1984 Mercedes-Benz W123 300D 3.0L turbo diesel from North America


Brilliant in every way imaginable


Minor damage to driver's seat.

Vanity mirror covers are broken.

First aid kit cover is broken.

The passenger window came off the track, and the passenger rear window hasn't worked since I bought it.

General Comments:

It's been a month since I bought my 1984 300D turbo diesel, and I'm still absolutely smitten. I wake up in the morning, look out my window, and see the beautiful, white Mercedes staring back at me, ready to tackle the day.

The paint is starting to crack a little, and some of the vinyl is starting to fade, but for a car that's been in the hot, Southern Californian sun for the better part of 30 years, it looks about as good as any car.

I unlock the driver's door and hear a little creak as the trunk and fuel filler unlock, open the vault-like doors, and put the key in the ignition. Turning it into the second position, I hear the archaic buzz reminding me to fasten my seat belt, as well as the antennae rise from the rear of the car. As soon as the yellow glow plug lamp extinguishes, I turn the key, and the loud, clattery, syncopated purr of the 3.0L inline-five diesel engine greets me.

The seats ride on springs, the suspension (to borrow Jeremy Clarkson's quote) is softer than the journalism in an in-flight magazine, the steering is responsive but relaxed, and there's an air of elegance and class about the whole thing. It truly floats.

Recently, I drove from my home in suburban Southern California to Malibu and back, driving in mixed conditions - ranging from the notorious LA freeway traffic, to cruising comfortably at 50 mph on Pacific Coast Highway, to an 80/85 mph jaunt on the 10 East - and the trusty, reliable Mercedes returned 27 MPG. Coming from a car that got 22 in the best-possible highway conditions, it was a good feeling.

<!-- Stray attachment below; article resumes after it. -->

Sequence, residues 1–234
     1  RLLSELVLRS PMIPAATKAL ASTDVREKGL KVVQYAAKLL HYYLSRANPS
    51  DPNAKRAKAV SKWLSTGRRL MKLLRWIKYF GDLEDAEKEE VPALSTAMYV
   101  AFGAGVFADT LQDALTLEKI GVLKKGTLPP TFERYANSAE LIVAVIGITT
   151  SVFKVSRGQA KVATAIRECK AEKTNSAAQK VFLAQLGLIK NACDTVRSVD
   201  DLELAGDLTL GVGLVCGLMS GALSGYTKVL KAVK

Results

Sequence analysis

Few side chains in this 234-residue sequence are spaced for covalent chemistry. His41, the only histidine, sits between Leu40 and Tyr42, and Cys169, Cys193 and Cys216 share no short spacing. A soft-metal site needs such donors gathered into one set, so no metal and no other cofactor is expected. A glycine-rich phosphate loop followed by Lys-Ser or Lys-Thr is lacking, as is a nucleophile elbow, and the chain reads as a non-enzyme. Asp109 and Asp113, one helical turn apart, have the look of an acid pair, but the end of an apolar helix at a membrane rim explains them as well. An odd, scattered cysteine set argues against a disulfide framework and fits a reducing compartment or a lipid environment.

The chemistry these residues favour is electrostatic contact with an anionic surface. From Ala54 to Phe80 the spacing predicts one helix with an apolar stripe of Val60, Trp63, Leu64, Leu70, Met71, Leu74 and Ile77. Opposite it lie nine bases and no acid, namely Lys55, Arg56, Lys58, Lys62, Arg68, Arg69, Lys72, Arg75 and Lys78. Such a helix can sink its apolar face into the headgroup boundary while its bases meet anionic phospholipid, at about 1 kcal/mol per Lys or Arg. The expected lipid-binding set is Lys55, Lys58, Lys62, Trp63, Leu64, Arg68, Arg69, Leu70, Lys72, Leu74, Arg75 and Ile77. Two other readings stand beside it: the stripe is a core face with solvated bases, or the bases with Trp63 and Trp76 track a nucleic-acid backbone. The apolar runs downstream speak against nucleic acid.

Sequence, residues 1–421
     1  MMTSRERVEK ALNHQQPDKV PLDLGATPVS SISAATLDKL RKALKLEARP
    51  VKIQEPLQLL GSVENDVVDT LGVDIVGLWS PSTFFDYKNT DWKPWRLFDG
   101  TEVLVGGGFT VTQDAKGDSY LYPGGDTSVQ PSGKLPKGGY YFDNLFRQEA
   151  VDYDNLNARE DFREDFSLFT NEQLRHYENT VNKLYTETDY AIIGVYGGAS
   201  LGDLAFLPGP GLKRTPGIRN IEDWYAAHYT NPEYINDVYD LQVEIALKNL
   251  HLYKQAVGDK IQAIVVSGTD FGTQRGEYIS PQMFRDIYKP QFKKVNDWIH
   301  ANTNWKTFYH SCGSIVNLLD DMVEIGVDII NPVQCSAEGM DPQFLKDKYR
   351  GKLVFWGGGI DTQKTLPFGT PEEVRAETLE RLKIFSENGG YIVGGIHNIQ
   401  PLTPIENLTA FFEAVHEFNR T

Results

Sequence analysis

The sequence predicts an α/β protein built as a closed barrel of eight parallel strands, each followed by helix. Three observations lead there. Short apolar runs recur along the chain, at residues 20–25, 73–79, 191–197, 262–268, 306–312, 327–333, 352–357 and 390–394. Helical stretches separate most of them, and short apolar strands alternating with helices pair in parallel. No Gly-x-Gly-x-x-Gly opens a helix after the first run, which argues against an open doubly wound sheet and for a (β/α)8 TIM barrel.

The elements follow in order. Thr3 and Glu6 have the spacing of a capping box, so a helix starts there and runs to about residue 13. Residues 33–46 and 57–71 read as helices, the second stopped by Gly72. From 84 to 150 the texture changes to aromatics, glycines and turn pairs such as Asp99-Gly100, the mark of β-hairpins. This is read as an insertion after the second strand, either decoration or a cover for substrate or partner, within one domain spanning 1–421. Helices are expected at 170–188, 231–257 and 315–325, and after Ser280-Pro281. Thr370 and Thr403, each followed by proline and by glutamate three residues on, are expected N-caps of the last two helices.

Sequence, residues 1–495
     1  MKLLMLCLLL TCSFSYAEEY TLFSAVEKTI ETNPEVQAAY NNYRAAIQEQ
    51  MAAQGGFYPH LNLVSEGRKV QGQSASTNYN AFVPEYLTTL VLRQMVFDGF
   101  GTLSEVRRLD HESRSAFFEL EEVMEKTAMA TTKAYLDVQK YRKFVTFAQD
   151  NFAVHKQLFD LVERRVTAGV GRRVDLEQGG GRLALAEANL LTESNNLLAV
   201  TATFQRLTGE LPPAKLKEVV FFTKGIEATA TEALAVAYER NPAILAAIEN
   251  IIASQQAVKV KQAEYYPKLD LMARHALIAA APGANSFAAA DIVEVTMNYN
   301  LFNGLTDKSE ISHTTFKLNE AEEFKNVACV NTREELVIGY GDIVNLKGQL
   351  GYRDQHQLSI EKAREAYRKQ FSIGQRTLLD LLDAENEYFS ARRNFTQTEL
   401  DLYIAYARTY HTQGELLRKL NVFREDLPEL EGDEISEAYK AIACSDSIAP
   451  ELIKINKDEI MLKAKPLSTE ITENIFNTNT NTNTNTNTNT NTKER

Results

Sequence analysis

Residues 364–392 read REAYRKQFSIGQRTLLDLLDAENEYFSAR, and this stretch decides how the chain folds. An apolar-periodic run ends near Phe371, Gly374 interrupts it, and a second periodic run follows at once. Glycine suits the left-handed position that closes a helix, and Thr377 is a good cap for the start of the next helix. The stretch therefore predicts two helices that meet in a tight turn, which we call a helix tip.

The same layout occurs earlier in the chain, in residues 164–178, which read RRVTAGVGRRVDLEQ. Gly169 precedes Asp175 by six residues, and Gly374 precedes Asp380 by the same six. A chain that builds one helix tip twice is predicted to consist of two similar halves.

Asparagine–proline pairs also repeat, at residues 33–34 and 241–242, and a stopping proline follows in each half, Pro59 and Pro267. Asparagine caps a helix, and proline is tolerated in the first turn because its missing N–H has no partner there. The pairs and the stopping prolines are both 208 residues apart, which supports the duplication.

My experiences with Mercedes-Benz dealers have been excellent.

Overall, this car is just that - it is a car. I like to think that when Karl Benz built the first car over 125 years ago, this was the vision he had in mind.

There's a reason Mercedes-Benz's slogan is "The Best or Nothing".

Would you buy another car from this manufacturer? Yes

Review Date: 4th April, 2013

22nd Feb 2015, 20:30

I agree, I've had Elvira (my 1984 300CD) since new, and will have it forever.

1984 Mercedes-Benz W123 300D turbo diesel from North America


After all these 28 years, I still enjoy this beautiful luxury tank


After 3 months in storage and transport from LA to VA in 2006, the following became inoperable and needed work:

A/C converted, replaced condenser and compressor.

Odometer intermittently slipping since the move to LA at 106,000 miles, to now 109,000 in 2012, and still needs to be repaired.

Instrument panel cluster lights and rheostat dimmer switch still need to be replaced.

Automatic antenna replaced mast and broken motor rubber belt.

Front left disc brake bites, but have now replaced the entire front brake system.

Front dome courtesy light assembly needs replacement.

General Comments:

The car runs excellent, gears shift smoothly like butter, interior is in great shape without tears.

All automatic locks, sun roof, and windows are in excellent working condition.

Paint and body without is in great shine and shape.

Would you buy another car from this manufacturer? Yes

Review Date: 6th April, 2012

7th Apr 2012, 18:11

How're parts and insurance for these?

20th May 2012, 22:05

With USAA and no coverage on damage to the car, I pay USAA $500 a year (Middlesex County, MA).

Parts from the dealer are HORRIBLY expensive, but they can be found much cheaper aftermarket (aftermarket may be a lower quality, though), and cheaper still used.

If you are considering buying one, CHECK FOR RUST! I live in the NE, and a lot of the W123s here are in good mechanical shape, but poor structural condition. Lift up all the floor mats (if you see rust through the insulation, that is not a good sign), and peel back the carpeting between the bottom door sill and floor to check for rust in the lockers.

Also, as in on any 30+ year old car, some rubber (assuming it is original) will need to be replaced. So, check the seals and rear axle boots, front steering components, etc.

Also, have a thorough mechanical inspection performed by a competent mechanic. An engine rebuild on one of these cars is in the $4000 - $8000 range. Make sure that the mechanic checks (or, if the car is too cheap to pay a mechanic, that you check) the engine for good compression (350 -435 PSI).

All that said, I don't want to discourage you from buying a diesel 'Benz. A W123 'Benz in good shape is a thing of beauty. A poorly-looked-after one is a total $$$$ pit.

Q: "What has four wheels and $ucks?"

A: "A rusty 'Benz"